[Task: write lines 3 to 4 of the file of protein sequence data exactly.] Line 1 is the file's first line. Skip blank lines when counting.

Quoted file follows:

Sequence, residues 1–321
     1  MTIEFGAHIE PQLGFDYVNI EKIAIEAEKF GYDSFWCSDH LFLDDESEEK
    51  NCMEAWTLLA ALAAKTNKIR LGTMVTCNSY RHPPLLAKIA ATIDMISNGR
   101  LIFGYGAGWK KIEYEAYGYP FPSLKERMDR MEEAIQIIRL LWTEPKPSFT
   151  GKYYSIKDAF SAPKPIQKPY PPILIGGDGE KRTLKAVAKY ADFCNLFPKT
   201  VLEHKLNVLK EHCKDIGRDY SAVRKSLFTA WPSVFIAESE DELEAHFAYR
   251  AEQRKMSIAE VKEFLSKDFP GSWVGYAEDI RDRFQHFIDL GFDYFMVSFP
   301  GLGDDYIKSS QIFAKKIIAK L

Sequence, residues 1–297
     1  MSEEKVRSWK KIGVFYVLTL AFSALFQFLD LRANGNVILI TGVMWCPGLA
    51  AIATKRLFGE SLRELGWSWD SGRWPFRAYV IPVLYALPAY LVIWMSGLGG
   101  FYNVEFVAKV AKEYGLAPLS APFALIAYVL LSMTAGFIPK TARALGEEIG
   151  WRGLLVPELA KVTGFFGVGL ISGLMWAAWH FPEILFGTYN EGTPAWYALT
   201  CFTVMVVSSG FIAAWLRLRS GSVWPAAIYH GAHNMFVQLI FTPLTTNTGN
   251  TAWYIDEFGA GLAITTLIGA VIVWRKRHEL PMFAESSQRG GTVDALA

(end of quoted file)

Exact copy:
    51  NCMEAWTLLA ALAAKTNKIR LGTMVTCNSY RHPPLLAKIA ATIDMISNGR
   101  LIFGYGAGWK KIEYEAYGYP FPSLKERMDR MEEAIQIIRL LWTEPKPSFT